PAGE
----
Mitochondria : Definition, Structure and Functions
The word mitochondria come from two Greek words, mito meaning thread and chondrion meaning granule. It has double membrane enclosed rounded or rod-like or filamentous bodies which generate chemical energy in the form of ATP. It is scattered throughout the cytoplasm in most of the cells.
History of Mitochondria
Scientist Kolliker (1850) first observed mitochondria in the striated muscle. Flemming (1882) named it as fila. Rechard Altmann (1897) referred to the mitochondria as Bioplasts. Carl Benda (1897) first called these organelles as mitochondria.
Distribution and occurrence
It is not found in the prokaryotic cell and matured circulated RBC. Generally they are evenly distributed in the cytoplasm. It is also found in the base of the proximal convoluted tubules of nephron. The number of mitochondria present in the cell depends on its activities. Plant cell contains less number of mitochondria than animal cell. A normal liver cell may contain 1000-1600 mitochondria while some oocytes may contain more than 300000 mitochondria. On the other hand, Microasterias algae contain only one mitochondrion
Structure of Mitochondria
Mitochondria have generally spherical or rod-shaped or filamentous structures. It is about 3.0-7.0 µm in length and 0.2-2.0 µm in diameter. It usually consists of two unit membranes, two chambers, mitochondrial matrix and mitochondrial particles. Every mitochondria is bounded by the double membranes, the outer membrane and inner membrane. Each membrane is made up of lipo-protein and it is about 60 Angstrom thick. The outer membrane is smoothed and covers the mitochondria but the inner membrane remains folded inward at various points to form a number of incomplete partitions which are known as the cristae or mitochondrialis cristae. The two membranes remain 60-80 Angstroms apart from each other. The space between the two membranes is filled up with fluid.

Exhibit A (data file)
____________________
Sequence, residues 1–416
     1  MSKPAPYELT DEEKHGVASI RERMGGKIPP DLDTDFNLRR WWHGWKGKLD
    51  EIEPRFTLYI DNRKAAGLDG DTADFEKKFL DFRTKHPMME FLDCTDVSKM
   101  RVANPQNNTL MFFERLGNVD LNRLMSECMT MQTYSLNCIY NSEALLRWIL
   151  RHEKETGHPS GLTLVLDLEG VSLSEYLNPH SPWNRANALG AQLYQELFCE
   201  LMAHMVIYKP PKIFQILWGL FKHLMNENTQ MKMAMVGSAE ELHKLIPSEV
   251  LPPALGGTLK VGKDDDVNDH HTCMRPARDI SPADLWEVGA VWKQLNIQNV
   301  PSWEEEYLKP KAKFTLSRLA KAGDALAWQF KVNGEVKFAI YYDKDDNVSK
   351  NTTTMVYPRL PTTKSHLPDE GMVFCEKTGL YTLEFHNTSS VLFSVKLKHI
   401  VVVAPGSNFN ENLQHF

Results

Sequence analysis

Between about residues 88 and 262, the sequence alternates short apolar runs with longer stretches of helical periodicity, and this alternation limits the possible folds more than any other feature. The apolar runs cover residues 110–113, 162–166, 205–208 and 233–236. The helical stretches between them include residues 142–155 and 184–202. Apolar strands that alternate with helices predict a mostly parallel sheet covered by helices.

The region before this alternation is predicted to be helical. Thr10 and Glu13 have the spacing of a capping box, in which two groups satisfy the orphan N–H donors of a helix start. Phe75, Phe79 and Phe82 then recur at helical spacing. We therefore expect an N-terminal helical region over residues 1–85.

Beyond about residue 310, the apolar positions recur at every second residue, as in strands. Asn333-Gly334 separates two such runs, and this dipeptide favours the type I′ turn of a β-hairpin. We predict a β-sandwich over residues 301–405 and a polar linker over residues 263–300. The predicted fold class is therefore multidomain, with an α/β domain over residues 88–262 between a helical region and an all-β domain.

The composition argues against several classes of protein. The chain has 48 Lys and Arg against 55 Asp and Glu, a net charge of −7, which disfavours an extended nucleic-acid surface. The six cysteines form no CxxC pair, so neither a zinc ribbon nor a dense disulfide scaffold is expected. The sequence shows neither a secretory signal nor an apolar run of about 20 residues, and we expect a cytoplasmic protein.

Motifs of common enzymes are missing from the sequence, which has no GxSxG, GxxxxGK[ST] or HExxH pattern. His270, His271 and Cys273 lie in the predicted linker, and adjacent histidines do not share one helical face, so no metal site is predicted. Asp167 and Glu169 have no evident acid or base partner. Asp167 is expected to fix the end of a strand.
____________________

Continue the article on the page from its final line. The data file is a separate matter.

Chambers: It has two chambers, outer and inner chambers. The outer chamber is the space between the outer and inner membranes which is filled with watery fluid. The inner chamber is covered by the inner membrane. The inner chamber contains mitochondrial matrix.
Mitochondrial matrix: The inner chamber is filled with a relatively dense proteinaceous material usually called mitochondrial matrix. This matrix contains dense granules, ribosomes and mitochondrial DNA. The enzyme of the Krebs cycle is located in the matrix.
Mitochondrial particles: The cristae that project into the matrix are usually incomplete septa or ridge. The cristae are covered by mushroom-like particles of 85 Angstrom. These particles are known as F1-Particles or Fernandez-Moran subunits or elementary particles. Each particle consists of three parts; head, stem or stalk and base. The particles are spaced about 100 Angstrom interval on the cristae.